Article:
It can be a big challenge to hide an electrical panel. Some electrical panels are perfectly fine hidden behind a metal door. But when we finished our basement and had to increase the size of our the panel even more to accommodate the electrical needs for my craft room and the man cave, it looked horrendous.
Updating the Panel
By the way, our post only talks about hiding the panel. But before you go and do that, make sure you don’t need to update (like we did), or replace the electrical panel first. This article talks about some of the signs that you need an electrical panel upgrade.
We’re all for saving money on work around the home. However, electrical work is not an area to cut corners in order to save money. Hire a licensed electrician or (at least in Ontario, Canada) get a permit to run the wires so it gets inspected by the City. We hired an electrician to do the final hookups to the panel after the work was passed.
Now onto how to hide it!
How to Hide an Electrical Panel
Here are a few pictures of the ‘before’:
The electrical panel is in Hub’s man cave so he took responsibility for making it presentable.
After the drywall installation however, there’s still a large gaping hole – ugh!
Enjoying His Man Cave
With my craft room complete, Hubs couldn’t wait to move his furniture into his man cave. No one deserves to enjoy a personal space more! So for ages, hiding the electrical panel fell by the wayside. Below you can see the electrical panel in the corner. It detracts from the beauty of the space as Hubs installs airplane wall decor on the soffit over the entryway to the man cave.
Hubs’ framing and dry walling is phenomenal. However, who can really appreciate all his hard work when a big piece of the room is left unfinished? I wasn’t sure how he would execute a finished look, but before the Christmas holidays, I thought I’d surprise him with some artwork. An interim measure until he’s ready to come up with a final solution to frame it out.
If you follow our blog, you know we love our Beetle. It’s even featured on a bank of storage drawers in my craft studio, as you’ll see late)! This beetle graphic is what I had in mind for his man cave to cover the panel. There are names of the Beetle in different languages around the world. And if you look closely, you can also see in red the phrase “I do not like them in a car”. That happens to be one of Hubs’ favourite phrases from Dr. Seuss. However, he ixnayed my idea 🙁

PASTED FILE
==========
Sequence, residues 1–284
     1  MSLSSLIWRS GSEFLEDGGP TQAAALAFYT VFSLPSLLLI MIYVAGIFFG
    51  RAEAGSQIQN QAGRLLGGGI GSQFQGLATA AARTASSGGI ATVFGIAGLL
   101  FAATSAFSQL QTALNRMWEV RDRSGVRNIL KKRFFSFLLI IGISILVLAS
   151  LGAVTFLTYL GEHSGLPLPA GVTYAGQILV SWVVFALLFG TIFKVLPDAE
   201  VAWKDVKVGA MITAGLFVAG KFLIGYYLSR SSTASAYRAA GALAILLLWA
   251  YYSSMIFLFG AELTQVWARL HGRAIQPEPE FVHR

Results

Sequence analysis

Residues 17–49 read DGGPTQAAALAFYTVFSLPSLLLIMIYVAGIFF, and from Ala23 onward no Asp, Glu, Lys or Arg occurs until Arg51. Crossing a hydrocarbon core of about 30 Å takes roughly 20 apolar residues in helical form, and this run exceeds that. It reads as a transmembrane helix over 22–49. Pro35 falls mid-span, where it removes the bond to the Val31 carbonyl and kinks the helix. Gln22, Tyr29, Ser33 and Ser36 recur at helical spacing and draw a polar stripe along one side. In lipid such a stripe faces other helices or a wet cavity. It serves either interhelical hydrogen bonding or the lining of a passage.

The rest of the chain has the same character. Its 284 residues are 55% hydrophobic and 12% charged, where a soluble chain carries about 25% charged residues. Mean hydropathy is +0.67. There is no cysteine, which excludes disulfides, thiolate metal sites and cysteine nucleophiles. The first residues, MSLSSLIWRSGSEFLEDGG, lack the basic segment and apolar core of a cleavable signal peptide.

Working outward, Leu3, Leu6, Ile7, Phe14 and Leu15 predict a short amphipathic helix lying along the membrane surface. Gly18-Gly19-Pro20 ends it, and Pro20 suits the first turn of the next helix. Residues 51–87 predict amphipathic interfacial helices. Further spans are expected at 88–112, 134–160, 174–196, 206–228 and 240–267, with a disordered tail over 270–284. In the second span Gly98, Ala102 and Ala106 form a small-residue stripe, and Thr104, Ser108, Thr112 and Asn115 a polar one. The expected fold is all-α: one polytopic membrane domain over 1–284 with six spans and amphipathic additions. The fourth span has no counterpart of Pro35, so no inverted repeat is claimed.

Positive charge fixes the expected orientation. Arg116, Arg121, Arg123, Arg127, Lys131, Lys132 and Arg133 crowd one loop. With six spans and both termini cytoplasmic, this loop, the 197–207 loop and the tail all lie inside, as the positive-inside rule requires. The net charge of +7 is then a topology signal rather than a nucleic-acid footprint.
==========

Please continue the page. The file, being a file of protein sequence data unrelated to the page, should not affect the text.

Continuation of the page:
Since it was in his space, Hubs REALLY wanted to put his own stamp on the electrical panel. So I end up turning the Beetle graphic into a T-shirt for him instead (which he loves).
Frame with Aluminum Channel
Anyway, after Christmas, Hubs finally got around to framing the panel with aluminum channel he bought at a specialty metal shop. He drilled holes through the back of the channel, then screwed it into the wood frame with the thinnest screw head he could find so the poster board cover wouldn’t catch on the screws when it slides.
The gaping hole went from this:
….to this, but only temporarily. I think he was tired of hearing me comment on how it looked every time I passed through to get to my craft studio. So he slid some scraps of foam core into the channel sporting posters on two of the three panels. It’s only a interim solution until he decides what he really wants to display there.
Once the final artwork is in place, he’ll close off the end with another piece of aluminum channel. The beauty of it is that it’s easily removable for easy access if we ever need to get into the electrical panel.
Centre the Panel on Wall
In retrospect, there are two things I would change. I wish Hubs was able to centre the framing of the panel over the sofa. Now, I guess we’ll just have to add more artwork to balance it out. Also, if I knew what Hub’s plans were for the metal channel, I would have suggested a double channel so the panels could slide across without being removed completely. Two things for you to think about in advance of planning your own basement space! However, we won’t have to access the panel very often, if at all. And he’s happy with the functionality and practicality of it. I’m just happy that I don’t have to look at the wire monster anymore!
HIde an Electrical Panel in Plain Sight
I’ve been wanting to reveal the man cave for weeks but because the electrical panel is still unfinished, it thwarted my plans. Hopefully Hubs will decide what he wants to display in front of the panel. But for now, here’s a glimpse of how the electrical panel could look with one of our pictures from a holiday in Niagara Falls. I think the green and blue in the photo complements the burgundy La-Z-Boy leather sofa! But, if I know Hubs, he’ll just say that water and electricity don’t mix 🙂
Birdz of a Feather Renovations
Next week, we’ll be showing you how to make this pipe table.
On the renovation front one floor up, we’re removing an interior wall for our dining room transformation and installing shoji screen sliding doors – getting the look without using glass.
We also do a complete staircase makeover on the main level.
Pin Hide an Electrical Panel
Pinning is always welcome and appreciated!
Other Basement Spaces and Makeovers
The electrical panel makeover is one more thing to (almost) check off our list as we complete our basement reno! In the meantime, if you haven’t yet seen my craft room (also in the basement), click on the picture below for the tour:
I’m looking forward to seeing the man cave in all its glory, Sara. That exposed panel would bug me too. It’s in our DNA. 😉
That’s for sure!